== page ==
Cool Ways to Repurpose Old Blog Posts: Multiplication + Expansion

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Good morning, bloggers! Or, good afternoon/evening if you’re reading this in the afternoon/evening, obviously. How’s life? How’s blogging life? Have you lost your mojo? We’ve all been there, don’t worry about it too much. If you couldn’t write a new blog for love nor money right now, I have a little side project that you can participate in, that’ll help boost traffic even when you’re not actually publishing new posts. Today, I would like to talk to you about the cool ways to repurpose old blog posts, specifically, creating ADDITIONAL blog posts from your original one.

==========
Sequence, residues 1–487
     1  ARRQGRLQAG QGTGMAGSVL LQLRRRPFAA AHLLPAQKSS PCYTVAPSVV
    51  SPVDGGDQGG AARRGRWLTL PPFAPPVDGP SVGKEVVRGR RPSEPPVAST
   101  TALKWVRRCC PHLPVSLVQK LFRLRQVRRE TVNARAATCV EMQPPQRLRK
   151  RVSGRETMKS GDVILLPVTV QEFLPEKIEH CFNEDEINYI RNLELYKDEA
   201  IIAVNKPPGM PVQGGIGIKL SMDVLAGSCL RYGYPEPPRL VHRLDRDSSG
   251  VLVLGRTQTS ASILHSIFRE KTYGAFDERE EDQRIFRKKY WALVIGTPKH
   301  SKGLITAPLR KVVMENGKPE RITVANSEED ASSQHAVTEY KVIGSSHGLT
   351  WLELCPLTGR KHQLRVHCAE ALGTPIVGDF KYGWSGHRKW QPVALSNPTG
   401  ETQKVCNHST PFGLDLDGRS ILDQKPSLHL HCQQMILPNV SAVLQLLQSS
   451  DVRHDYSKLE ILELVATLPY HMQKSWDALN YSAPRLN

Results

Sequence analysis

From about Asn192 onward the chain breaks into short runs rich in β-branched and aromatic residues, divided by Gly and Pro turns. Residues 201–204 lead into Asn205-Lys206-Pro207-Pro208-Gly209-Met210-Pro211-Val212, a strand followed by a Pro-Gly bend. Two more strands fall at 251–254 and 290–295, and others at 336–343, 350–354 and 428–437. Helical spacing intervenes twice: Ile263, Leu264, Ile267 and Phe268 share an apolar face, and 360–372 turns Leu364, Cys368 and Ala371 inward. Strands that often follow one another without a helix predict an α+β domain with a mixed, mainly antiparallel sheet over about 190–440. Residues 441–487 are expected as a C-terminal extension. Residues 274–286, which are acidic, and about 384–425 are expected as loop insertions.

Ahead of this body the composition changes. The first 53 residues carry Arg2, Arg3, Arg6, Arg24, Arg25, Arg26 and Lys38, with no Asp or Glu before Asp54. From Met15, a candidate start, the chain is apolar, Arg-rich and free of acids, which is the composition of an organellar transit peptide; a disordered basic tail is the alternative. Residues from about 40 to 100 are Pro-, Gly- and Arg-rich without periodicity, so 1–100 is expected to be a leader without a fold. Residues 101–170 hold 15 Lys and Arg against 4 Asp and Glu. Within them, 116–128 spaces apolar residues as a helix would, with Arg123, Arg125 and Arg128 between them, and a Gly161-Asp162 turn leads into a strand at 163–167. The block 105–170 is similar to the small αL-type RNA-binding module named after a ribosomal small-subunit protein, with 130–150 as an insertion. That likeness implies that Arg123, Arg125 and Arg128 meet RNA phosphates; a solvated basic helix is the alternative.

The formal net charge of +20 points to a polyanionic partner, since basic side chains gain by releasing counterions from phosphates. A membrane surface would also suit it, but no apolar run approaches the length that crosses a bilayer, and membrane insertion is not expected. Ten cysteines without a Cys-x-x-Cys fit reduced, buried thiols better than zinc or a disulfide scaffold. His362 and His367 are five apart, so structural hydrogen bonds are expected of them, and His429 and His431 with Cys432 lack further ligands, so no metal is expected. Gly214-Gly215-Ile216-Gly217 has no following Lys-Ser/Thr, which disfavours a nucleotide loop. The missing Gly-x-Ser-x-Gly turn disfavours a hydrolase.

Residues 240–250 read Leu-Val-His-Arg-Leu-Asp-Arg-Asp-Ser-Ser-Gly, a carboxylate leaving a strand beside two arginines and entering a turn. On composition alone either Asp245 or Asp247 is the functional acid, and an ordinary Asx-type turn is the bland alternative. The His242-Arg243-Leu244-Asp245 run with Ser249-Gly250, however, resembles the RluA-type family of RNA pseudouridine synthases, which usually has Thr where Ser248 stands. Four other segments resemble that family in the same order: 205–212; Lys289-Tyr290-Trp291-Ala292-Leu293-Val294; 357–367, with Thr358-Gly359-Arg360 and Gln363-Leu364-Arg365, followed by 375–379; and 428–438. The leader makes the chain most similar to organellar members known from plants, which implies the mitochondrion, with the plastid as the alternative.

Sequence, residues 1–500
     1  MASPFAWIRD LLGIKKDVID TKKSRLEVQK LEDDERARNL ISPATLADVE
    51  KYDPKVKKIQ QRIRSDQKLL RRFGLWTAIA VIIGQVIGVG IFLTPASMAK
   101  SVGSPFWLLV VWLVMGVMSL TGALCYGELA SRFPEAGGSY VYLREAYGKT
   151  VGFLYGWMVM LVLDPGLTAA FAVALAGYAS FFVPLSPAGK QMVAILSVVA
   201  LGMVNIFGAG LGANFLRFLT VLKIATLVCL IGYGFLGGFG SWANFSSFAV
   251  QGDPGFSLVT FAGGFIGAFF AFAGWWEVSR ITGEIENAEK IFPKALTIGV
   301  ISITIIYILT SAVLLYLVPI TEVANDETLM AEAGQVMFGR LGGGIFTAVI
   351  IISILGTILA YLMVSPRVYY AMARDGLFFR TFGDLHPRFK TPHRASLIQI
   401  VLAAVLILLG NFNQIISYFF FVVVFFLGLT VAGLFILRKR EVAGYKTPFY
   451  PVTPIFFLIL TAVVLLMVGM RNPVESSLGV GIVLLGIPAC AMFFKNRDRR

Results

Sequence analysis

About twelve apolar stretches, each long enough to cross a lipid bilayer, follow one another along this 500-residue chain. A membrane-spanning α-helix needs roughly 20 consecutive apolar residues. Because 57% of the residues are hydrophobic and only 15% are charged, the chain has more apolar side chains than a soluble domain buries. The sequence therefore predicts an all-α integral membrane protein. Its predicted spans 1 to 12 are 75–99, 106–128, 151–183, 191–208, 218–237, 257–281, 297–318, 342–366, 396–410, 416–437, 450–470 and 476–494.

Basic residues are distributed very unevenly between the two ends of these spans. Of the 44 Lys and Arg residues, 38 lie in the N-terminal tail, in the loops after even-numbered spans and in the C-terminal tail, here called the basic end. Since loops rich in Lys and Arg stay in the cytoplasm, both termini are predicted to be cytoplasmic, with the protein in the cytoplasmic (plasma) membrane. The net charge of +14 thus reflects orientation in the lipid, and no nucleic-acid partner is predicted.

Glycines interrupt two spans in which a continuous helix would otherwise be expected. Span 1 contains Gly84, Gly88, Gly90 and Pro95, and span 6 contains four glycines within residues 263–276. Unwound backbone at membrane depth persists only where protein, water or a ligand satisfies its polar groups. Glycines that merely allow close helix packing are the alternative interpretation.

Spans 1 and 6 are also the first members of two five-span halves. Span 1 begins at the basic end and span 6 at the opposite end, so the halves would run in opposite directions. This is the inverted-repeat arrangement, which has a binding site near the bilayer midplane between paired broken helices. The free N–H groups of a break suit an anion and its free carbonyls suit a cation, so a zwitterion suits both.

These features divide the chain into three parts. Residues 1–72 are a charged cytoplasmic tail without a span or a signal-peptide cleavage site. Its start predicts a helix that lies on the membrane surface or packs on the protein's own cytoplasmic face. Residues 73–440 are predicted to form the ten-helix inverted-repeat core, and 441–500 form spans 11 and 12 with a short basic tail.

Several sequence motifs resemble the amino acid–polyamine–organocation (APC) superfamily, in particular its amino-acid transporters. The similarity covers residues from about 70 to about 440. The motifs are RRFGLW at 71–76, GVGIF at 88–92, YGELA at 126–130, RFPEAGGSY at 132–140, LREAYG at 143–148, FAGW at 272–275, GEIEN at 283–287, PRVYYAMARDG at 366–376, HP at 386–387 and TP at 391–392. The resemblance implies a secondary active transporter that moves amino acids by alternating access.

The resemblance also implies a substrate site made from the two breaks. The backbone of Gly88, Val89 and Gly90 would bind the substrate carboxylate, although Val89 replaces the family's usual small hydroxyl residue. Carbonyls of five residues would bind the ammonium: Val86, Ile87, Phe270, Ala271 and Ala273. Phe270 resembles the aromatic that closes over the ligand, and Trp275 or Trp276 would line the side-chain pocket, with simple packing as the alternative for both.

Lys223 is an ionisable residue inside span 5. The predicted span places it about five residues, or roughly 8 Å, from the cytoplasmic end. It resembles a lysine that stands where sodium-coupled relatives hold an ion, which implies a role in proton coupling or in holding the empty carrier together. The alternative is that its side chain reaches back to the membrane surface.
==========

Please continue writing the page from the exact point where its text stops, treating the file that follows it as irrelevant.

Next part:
(And no, it’s not the same as a “roundup” post, as discussed in New Things You Can Do With Old Blog Posts: A Roundup.)


Cool Ways to Repurpose Old Blog Posts: Multiplication + Expansion


Whenever I write a blog post, I always find myself talking and talking and talking away until I have far too many words on a page … and definitely too much information for just a single blog post. I’m trying to educate folk, not overload them with stuff they don’t understand. So, I keep writing until I get bored or run out of things to say and when I’m all done, I “reevaluate” things.


  • Could I separate that blog post down into TWO? Or more?
  • Could I split apart the different topics, expanding on them in their own posts?
  • Do I briefly touch on subjects or topics that deserve to be talked about more?


An example: